- Direct unsubsidized loans are available to undergraduate and graduate students regardless of financial need. Unlike subsidized loans, the student is responsible for all accrued interest on unsubsidized loans. If you are denied Parent PLUS loans, your child may also be able to borrow a higher than normal amount of unsubsidized loans. Contact their school’s financial aid office for more information.
2. Apply for scholarships and grants
Unlike student loans, scholarships and grants don’t have to be repaid, making them a great way to pay for education. There’s no limit to the number of these rewards your child can get, so it’s a good idea for them to ask for as many as possible. Organizations that typically offer scholarships and grants include:
- Local and national businesses
- Non-profit organizations
- Professional associations in your child’s field of study
Your child may also be eligible for school grants based on the information they provide when completing the Free Application for Federal Student Aid (FAFSA).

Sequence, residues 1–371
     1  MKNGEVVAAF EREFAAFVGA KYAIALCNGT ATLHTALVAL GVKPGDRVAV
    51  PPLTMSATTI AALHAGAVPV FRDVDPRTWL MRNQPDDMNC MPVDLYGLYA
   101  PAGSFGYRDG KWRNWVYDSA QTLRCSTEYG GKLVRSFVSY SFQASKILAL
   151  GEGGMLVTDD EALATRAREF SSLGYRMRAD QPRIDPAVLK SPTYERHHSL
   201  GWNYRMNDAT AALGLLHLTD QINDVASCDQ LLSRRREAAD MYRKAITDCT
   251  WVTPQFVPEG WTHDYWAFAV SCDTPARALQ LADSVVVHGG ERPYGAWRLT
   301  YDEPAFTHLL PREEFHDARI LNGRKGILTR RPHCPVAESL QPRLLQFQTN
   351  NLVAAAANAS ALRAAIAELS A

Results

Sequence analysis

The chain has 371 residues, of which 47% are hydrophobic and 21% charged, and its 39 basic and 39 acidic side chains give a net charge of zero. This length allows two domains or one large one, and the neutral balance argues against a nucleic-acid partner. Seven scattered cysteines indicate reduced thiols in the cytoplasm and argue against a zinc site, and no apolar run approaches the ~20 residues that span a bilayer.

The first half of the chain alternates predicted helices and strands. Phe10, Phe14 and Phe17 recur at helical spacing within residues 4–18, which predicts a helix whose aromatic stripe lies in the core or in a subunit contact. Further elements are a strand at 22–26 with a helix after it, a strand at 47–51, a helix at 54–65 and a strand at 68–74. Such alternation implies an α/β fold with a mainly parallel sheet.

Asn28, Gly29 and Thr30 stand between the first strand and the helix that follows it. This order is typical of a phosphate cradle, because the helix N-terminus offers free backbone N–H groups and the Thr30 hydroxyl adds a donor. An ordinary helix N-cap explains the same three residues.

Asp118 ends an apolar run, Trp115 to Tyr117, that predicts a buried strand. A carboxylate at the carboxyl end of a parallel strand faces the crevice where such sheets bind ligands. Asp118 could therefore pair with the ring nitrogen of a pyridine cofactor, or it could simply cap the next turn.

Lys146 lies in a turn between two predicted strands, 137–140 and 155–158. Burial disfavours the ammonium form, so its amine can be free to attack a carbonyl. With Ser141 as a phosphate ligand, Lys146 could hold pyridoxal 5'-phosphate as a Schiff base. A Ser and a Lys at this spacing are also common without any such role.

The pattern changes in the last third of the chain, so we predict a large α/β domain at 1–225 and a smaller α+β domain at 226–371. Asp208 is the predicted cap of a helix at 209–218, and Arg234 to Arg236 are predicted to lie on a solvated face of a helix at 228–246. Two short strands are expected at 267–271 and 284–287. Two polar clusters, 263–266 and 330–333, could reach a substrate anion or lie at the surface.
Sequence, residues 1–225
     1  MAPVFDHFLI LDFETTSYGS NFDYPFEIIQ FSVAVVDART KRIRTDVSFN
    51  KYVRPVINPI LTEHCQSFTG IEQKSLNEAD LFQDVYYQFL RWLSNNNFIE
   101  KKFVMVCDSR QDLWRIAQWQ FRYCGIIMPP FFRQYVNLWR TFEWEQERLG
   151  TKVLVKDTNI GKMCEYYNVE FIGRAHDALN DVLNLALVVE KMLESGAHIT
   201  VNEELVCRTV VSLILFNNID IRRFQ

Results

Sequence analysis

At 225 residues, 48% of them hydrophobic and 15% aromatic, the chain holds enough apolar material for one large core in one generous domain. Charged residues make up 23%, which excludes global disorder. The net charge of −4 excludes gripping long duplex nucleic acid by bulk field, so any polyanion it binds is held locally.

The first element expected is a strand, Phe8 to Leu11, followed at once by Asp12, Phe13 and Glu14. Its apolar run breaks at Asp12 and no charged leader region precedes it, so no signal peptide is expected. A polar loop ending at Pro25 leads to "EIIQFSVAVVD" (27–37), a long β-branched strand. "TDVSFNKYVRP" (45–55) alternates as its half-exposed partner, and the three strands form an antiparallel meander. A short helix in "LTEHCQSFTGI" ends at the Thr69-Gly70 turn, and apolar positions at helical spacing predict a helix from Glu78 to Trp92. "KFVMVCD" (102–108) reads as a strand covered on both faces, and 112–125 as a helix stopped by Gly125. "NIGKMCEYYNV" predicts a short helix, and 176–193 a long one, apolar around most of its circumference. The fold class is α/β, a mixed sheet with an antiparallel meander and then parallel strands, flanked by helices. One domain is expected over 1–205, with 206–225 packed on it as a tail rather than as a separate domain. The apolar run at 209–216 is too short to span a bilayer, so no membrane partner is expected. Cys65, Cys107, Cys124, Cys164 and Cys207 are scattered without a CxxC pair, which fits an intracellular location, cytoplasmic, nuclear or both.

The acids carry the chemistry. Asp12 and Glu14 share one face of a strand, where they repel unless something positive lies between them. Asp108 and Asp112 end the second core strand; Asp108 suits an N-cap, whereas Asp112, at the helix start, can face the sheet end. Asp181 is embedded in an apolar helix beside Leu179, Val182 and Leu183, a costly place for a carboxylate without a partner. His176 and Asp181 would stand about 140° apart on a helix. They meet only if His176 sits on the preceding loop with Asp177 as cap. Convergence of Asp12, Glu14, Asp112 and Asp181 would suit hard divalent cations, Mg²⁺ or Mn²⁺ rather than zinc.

3. Consider private student loans
After exhausting options for federal student loans, grants, and scholarships, private student loans could help your child fill in any remaining funding gaps. However, you will generally need good to excellent credit to qualify for a private student loan. Therefore, if you have an adverse credit history, you will likely find it difficult to get approved for a private parent student loan.
If your child is unable to qualify on their own, they may consider applying with a creditworthy co-signer. Keep in mind that a co-signer can be anyone with good credit who is willing to share responsibility for the loan, such as another parent or trusted adult.